SPRING: THE CREAM OF THE CROP

Byline: Lisa Lockwood / Karen Parr

NEW YORK — The Europeans touched a nerve this spring.
In an informal poll of creative directors, designers, retailers and apparel executives, Prada was cited most frequently as the “favorite” campaign of the spring season, followed equally by Valentino, Louis Vuitton and one U.S. company, Kenar.
Executives cited the mood and intense colors of the Prada ads shot by Glen Luchford; the slick and surreal quality of the Louis Vuitton ads, the richness and opulence of Valentino with model Amy Wesson, and the gender-bending surprise element of Kenar, featuring Linda Evangelista.
Honorable mention goes to Gucci for its sensual images and Levi, Strauss & Co., which was cited for its clever TV spots. In one, a guy and a girl are on an elevator and are fantasizing about each other (from dating, marriage to childbirth in a flash) and when the elevator opens, they’re exhausted and go their separate ways.
Here’s what media-savvy folks had to say about their favorite campaigns this season — excluding their own.
Paul Gigante, founder, Gigante Vaz Partners, a New York ad agency: “I think Prada’s doing a good job of moving beyond their previous offbeat celebrity campaigns. The photos and the look of the brand are starting to be closer to what the clothes are like. The ads are more intense, and there’s more drama and emotion and just the right look.”
Simon Doonan, senior vice president of creative services, Barneys New York: “There are only so many ways to shoot a frock, and unfortunately, the bulk of what’s out there is overly pensive and lacking in concept.
“I like the Valentino ads, which I assume were inspired by Balthus paintings. The color was great, they were very arresting and creepy in just the right way. I love the shiny faces and crinkled hair. There was clearly a concept there, although the men’s wear took a back seat.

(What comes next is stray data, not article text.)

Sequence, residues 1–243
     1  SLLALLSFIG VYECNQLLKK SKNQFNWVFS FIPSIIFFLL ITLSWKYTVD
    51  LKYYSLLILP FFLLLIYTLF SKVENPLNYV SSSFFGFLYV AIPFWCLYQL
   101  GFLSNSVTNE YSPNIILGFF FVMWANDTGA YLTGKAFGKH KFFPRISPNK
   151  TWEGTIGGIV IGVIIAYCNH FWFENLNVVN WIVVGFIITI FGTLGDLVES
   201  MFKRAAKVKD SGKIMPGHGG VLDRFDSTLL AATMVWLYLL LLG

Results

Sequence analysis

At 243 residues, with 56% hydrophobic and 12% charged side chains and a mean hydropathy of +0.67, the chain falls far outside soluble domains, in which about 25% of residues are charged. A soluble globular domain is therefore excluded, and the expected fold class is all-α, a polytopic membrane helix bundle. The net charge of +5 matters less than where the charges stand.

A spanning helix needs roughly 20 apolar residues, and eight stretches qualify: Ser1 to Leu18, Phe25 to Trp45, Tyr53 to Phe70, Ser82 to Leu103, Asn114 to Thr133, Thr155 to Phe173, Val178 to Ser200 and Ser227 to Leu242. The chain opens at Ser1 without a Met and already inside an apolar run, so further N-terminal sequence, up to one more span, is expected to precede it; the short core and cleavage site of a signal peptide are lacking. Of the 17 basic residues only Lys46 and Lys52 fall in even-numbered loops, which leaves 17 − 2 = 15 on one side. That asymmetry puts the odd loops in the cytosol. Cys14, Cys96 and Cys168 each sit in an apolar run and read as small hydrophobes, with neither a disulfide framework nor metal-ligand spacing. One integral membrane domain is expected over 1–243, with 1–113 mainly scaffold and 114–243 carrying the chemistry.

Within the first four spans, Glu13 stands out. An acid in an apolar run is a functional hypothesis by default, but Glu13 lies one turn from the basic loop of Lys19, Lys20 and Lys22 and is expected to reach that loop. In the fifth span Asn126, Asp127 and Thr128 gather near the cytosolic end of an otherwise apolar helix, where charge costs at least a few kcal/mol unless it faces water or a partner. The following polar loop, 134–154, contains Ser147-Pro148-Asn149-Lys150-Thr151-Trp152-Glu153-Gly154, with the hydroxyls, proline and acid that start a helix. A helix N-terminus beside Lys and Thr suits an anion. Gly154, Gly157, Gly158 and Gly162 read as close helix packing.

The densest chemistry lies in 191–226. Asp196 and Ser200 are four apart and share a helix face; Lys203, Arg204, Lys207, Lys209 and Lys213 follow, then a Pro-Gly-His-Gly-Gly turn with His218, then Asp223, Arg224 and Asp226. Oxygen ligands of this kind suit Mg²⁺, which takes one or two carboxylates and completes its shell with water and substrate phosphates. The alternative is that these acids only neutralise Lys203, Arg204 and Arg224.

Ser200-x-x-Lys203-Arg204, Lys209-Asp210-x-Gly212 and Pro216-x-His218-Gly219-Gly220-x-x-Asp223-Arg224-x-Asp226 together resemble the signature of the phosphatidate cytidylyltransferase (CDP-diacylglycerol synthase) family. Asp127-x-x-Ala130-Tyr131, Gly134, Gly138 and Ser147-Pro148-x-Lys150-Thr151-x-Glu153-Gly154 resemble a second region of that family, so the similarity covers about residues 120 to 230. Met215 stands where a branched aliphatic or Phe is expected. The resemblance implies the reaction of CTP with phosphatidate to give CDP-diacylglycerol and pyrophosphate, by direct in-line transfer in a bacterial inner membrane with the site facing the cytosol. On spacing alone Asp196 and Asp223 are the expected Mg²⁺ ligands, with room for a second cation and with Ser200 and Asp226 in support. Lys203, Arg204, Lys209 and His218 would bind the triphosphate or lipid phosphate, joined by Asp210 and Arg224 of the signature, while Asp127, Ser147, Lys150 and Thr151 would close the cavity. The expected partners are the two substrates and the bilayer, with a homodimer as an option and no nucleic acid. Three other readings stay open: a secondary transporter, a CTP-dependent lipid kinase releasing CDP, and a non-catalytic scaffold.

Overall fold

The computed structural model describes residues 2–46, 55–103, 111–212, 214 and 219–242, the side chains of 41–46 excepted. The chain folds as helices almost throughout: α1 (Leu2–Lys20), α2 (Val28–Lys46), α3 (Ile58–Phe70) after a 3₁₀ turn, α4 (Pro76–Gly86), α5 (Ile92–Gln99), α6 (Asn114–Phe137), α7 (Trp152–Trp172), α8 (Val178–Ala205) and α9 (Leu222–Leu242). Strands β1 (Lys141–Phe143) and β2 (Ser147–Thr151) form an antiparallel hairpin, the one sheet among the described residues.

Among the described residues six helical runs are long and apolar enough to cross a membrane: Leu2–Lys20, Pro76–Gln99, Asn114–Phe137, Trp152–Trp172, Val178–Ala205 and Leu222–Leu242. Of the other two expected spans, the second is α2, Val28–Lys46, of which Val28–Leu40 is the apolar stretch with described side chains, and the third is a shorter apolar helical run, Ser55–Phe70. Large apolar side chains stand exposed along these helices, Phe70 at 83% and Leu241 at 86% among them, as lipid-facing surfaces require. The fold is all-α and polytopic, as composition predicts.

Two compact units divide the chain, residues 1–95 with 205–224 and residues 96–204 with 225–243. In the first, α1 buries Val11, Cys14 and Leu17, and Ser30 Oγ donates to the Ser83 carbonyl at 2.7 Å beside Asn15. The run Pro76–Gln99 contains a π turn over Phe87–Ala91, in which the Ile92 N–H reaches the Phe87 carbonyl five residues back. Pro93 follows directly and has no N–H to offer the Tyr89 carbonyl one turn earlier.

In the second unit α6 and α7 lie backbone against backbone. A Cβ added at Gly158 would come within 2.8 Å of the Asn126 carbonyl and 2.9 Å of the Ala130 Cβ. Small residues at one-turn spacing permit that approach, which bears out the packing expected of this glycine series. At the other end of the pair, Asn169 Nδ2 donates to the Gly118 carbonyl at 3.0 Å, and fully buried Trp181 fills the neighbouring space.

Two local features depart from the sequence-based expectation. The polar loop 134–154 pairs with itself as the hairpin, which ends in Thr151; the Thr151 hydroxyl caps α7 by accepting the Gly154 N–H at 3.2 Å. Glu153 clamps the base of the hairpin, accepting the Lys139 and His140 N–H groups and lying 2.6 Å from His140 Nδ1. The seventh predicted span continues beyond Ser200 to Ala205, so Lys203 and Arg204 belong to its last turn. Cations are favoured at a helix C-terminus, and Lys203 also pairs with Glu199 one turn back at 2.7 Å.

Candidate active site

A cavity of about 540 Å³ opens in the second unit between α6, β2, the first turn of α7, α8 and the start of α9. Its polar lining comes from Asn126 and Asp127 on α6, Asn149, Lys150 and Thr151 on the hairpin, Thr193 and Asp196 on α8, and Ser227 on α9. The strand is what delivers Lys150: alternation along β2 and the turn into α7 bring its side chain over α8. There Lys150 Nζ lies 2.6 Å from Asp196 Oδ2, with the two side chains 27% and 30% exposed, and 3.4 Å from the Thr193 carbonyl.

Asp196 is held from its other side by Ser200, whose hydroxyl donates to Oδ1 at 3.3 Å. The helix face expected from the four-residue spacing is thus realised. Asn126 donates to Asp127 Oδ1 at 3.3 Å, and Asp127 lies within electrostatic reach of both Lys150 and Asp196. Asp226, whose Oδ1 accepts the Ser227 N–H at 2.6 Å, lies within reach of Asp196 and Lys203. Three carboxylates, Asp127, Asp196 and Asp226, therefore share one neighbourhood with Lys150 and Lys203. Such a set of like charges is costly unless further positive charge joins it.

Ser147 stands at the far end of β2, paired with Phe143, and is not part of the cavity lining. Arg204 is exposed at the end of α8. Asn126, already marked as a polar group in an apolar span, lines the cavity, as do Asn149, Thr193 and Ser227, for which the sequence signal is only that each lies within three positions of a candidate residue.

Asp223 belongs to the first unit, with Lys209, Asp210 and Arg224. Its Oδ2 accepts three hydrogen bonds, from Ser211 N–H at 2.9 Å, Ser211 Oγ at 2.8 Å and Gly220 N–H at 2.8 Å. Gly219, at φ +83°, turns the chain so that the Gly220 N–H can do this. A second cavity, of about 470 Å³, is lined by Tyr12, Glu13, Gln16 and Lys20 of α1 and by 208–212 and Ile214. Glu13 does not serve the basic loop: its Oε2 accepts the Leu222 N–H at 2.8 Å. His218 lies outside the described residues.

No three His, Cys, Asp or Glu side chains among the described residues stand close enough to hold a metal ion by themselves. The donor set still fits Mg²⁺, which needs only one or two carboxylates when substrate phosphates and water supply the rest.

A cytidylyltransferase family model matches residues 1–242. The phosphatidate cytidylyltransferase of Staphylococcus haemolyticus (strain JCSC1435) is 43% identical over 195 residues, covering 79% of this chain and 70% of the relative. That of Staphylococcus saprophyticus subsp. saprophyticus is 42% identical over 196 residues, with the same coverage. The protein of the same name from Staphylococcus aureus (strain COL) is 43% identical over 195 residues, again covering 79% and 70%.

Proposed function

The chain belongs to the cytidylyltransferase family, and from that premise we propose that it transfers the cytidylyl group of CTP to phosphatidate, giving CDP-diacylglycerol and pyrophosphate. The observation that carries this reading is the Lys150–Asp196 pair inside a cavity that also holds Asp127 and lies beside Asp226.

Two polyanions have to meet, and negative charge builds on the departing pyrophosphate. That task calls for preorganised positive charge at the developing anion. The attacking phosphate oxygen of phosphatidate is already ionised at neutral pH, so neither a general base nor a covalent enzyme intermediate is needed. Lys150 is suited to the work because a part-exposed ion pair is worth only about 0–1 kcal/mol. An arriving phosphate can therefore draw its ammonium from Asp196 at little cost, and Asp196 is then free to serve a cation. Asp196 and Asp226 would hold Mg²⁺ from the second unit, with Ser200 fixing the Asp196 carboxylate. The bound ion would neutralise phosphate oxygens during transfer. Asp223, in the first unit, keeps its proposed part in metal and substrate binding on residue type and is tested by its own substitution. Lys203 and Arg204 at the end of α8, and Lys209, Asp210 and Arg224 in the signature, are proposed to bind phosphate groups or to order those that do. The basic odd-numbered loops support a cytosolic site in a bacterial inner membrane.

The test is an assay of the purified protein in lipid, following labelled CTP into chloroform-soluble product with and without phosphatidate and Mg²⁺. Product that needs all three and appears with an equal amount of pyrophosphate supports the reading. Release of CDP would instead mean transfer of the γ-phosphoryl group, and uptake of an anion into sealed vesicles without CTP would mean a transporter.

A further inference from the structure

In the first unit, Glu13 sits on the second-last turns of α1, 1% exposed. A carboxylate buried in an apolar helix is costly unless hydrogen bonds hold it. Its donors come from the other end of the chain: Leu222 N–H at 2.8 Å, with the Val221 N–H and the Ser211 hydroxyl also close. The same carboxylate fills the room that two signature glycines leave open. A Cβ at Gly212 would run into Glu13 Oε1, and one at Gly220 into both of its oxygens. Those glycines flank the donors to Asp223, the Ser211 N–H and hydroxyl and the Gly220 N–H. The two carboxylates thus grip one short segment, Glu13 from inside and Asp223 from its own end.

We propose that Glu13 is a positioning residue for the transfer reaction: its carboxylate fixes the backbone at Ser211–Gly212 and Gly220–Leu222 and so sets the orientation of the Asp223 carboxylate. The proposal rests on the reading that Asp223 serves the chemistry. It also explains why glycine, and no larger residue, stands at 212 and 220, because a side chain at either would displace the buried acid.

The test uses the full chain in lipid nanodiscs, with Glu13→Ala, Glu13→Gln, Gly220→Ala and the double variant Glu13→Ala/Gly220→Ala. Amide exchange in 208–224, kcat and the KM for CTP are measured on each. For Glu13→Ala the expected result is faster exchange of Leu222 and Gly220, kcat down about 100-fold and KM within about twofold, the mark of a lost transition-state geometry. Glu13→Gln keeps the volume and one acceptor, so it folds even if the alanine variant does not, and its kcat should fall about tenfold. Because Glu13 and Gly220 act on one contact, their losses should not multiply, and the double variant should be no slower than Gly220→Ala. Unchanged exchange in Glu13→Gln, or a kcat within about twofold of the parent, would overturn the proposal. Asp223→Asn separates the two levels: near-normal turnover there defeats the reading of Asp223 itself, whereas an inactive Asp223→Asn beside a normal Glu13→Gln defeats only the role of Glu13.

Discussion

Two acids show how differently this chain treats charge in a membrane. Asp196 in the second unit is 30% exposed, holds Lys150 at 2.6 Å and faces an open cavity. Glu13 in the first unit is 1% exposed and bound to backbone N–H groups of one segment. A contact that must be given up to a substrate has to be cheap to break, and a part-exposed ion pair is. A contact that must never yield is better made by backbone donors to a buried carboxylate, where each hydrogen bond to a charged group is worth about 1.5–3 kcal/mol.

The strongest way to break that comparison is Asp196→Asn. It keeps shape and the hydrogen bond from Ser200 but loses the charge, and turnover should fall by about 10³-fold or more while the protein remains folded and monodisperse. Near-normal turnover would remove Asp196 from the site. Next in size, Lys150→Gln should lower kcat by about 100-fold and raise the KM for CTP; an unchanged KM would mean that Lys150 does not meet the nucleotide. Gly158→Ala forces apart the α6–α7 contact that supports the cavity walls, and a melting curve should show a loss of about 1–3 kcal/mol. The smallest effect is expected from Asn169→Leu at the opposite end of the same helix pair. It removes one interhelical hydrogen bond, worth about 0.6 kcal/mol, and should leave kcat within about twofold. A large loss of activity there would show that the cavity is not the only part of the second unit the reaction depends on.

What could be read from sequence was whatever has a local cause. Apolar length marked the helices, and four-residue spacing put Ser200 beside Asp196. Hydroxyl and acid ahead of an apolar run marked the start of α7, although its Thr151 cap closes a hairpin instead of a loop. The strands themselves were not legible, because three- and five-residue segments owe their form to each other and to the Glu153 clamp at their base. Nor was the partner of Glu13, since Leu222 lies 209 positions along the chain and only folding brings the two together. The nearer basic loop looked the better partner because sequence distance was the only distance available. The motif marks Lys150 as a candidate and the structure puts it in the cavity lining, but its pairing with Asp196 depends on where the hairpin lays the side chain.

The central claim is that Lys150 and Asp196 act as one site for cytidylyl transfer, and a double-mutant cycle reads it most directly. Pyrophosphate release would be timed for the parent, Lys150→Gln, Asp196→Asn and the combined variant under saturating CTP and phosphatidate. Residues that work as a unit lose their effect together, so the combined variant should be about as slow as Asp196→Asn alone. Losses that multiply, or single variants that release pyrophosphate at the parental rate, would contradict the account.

“Dolce & Gabbana wasn’t bad. They seem to have gotten more in touch with their Sophia Loren-Sicilian je ne sais quoi.”
Susan Lazar, designer: “I thought Prada was beautiful. It looked fresh and new. It was nice to see color being so strong — the intensity of it. It was gorgeous and so powerful.
“I also liked Cerruti [with Kate Moss]. For me, it’s what draws you in. The simplicity, beauty and freshness attracted me.”
Sam Shahid, partner, Shahid & Co., a New York ad agency: “My favorite was Prada. I think it’s so beautiful, sensual and romantic. I also liked some of the Gucci ads, and Louis Vuitton was really eye-catching. I also liked Calvin Klein’s sunglasses and khakis ads. I like the coloring of it and the photography by Craig McDean.”
Steven Alan, owner of two Steven Alan boutiques in New York and a showroom bearing his name: “I think probably the Prada ads. Those are very effective. Because she [model Amber Valletta] had a certain sex appeal. It was a smoky background, like a dewy kind of atmosphere. It seems like there are more artistic interpretations of the models and clothing instead of the traditional advertising that you would see in those cover girl shots.”
Barbara Dente, partner, Dente & Cristina, a New York ad agency: “I liked the Kenar ads with Linda Evangelista kissing herself. It caused you to notice it. I also loved Valentino. It’s that very rich and opulent ad shot by Steven Meisel with Amy Wesson. I just thought it was very beautifully done and very different from any other advertising.”
Ned Ambler, casting agent, Ned Ambler Pictures and Casting: “The most amazing thing I’ve seen for a couple of months was the full page insert for Valentino in the New York Times — it was something like 20 pages — with Amy Wesson eating the fruit. That was genius. I love the Gucci, Mario Testino ads. But the Valentino was just so ill and the fact that it was 20 pages of an ad was just the most outrageous thing.”